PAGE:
Information Industry to Top $448B by 2010; Search to Soar, News to Nosedive

October 26, 2007

This article is included in these additional categories:

B2B | Local & Directories / Small Biz | Magazines | Newspapers | Paid Search

Revenues for the worldwide information industry will reach $448 billion by 2010 – with search in the top position in growth and the news-companies segment in the last position – according to Outsell, Inc.’s “Outlook 2008” annual analysis of market size, share leaders, forecast and trends.

Outsell forecasts that the information industry will grow at a steady and moderate combined annual growth rate (CAGR) of 5.5% from 2007-2010, but companies such as Google, Yahoo, AOL and MSN will leave their industry peers “in the dust.”


According to Outsell’s “Outlook 2008“:

  • The Search, Aggregation & Syndication (SAS) segment of the information industry is projected to surge far ahead of other segments, achieving a 22.7% CAGR during the same period and hitting $75 billion in revenue by 2010.
  • Online advertising is the engine behind this fast pace of growth, since it’s shifting ad dollars from other marketing media, and diverting audiences that used to belong to publishers, Outsell said.
  • The only other segment projected to achieve a double-digit CAGR (15.4%) during the forecast period is HR Information.
  • At the other end of the growth spectrum, the News Providers & Publishers segment – the largest – is projected to begin a period of negative growth: Outsell predicts 2007 will be the first year of negative growth in News, with a 2.5% decline in revenues – and a predicted CAGR of -2.9% from 2007 through 2010.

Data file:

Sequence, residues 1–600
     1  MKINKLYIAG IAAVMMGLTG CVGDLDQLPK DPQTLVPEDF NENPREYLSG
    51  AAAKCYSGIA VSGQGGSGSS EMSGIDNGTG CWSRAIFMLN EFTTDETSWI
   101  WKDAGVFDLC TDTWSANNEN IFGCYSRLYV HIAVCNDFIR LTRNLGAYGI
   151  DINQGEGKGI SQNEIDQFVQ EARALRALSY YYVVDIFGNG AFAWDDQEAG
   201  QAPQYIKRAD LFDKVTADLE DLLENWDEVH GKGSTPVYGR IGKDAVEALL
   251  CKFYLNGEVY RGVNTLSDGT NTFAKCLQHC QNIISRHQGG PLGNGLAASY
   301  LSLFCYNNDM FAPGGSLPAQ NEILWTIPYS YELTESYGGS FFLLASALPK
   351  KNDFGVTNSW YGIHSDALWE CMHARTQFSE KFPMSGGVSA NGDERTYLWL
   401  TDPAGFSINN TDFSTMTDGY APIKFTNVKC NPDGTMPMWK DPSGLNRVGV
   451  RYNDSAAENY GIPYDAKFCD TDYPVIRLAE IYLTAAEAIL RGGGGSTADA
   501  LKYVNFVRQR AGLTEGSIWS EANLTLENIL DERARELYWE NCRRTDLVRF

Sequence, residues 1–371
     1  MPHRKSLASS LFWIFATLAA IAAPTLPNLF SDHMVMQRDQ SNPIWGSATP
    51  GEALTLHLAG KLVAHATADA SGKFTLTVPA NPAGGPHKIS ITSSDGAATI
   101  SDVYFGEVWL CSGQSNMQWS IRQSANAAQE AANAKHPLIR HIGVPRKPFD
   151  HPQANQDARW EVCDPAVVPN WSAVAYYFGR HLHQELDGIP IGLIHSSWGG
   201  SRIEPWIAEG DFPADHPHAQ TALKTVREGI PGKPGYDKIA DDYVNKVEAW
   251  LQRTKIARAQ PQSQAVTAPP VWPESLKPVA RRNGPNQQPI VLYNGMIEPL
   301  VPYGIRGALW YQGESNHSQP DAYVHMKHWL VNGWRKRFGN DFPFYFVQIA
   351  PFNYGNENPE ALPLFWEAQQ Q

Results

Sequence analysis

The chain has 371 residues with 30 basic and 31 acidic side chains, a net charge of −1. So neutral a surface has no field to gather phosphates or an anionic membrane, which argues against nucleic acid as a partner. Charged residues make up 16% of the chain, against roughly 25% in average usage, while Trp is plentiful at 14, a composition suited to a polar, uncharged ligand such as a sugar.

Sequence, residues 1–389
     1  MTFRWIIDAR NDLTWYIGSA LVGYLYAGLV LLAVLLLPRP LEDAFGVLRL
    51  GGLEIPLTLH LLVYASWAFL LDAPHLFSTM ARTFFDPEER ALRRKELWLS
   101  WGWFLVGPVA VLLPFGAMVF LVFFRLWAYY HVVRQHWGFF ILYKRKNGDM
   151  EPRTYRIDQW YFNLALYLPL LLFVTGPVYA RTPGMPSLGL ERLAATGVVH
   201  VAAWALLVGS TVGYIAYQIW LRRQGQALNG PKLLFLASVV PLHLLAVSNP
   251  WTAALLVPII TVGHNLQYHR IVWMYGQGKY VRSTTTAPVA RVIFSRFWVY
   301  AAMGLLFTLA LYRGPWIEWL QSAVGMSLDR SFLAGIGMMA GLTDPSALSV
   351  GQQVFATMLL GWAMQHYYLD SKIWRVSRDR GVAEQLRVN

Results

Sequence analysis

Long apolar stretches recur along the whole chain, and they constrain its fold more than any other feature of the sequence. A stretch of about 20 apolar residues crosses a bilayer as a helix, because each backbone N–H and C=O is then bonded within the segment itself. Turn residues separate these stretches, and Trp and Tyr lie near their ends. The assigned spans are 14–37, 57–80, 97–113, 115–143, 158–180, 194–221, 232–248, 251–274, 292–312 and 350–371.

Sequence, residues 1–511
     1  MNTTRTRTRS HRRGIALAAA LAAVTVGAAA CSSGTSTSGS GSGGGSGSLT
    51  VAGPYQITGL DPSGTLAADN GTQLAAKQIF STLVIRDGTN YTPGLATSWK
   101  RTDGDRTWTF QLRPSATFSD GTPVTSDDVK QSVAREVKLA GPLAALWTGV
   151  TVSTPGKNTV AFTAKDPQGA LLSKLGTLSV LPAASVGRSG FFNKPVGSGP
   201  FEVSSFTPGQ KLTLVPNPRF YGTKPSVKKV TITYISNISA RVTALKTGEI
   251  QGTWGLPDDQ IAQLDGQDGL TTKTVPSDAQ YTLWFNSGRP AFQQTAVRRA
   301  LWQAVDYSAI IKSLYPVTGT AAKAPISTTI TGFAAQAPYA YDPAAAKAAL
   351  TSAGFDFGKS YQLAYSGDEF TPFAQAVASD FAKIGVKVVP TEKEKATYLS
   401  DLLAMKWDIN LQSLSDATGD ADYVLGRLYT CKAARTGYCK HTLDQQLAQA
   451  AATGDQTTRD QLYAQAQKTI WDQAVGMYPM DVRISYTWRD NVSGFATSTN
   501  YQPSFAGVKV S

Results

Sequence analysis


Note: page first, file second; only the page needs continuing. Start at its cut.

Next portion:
• The News segment is in the most uncomfortable place in its history, suffering from too-slow movement of revenues from print to digital, declining circulation revenues, and lack of momentum in exploiting new channels and web-based opportunities, Outsell said.

The overriding issue for information-industry execs in the coming year is agility, according to Outsell Chief Analyst Leigh Watson Healy.

“The growth of the SAS segment alone is a powerful demonstration of the fundamental shifts in product creation, distribution, and business models being driven by nimble competitors with ‘e-DNA,'” she said.

“The challenge for traditional publishers and media companies is to maximize productivity while investing in the people and processes that will deliver growth from a shift to the digital world.”

Among other findings of the Outsell study:


  • The information industry had aggregate revenues of $362 billion in 2006, and grew 6% over 2005.
  • Growth of the overall information industry slowed in 2006 from its earlier pace, resulting in a CAGR of 6.2% for the period 2002 through 2006, compared with a CAGR of 8% for 2001 through 2005.
  • In 2006, industry growth was driven by Search, Aggregation & Syndication (SAS), on the strength of online ad revenues, and grew 26% from 2005, compared with the industry’s 6%.
  • The HR Information segment grew 15.5% over 2005 – the only other segment to achieve double-digit growth.
  • The highest-growing segments from 2002 to 2006 were SAS, HR Market Research, and Reports & Services, achieving CAGRs of 18.9%, 15.3%, and 11.9%, respectively.

About the report: Outsell’s “Outlook 2008” analyzes 11 industry segments, including HR Information; Credit & Financial Information; IT & Telecom Research, Reports & Services; Non-IT Market Research, Reports & Services; Scientific, Technical & Medical; Legal, Tax & Regulatory; B2B Trade Publishing & Company; Education & Training; and Yellow Pages & Directories. Outsell, Inc., based in Burlingame, CA and in London, is the sole worldwide market research and consulting company for the information industry.

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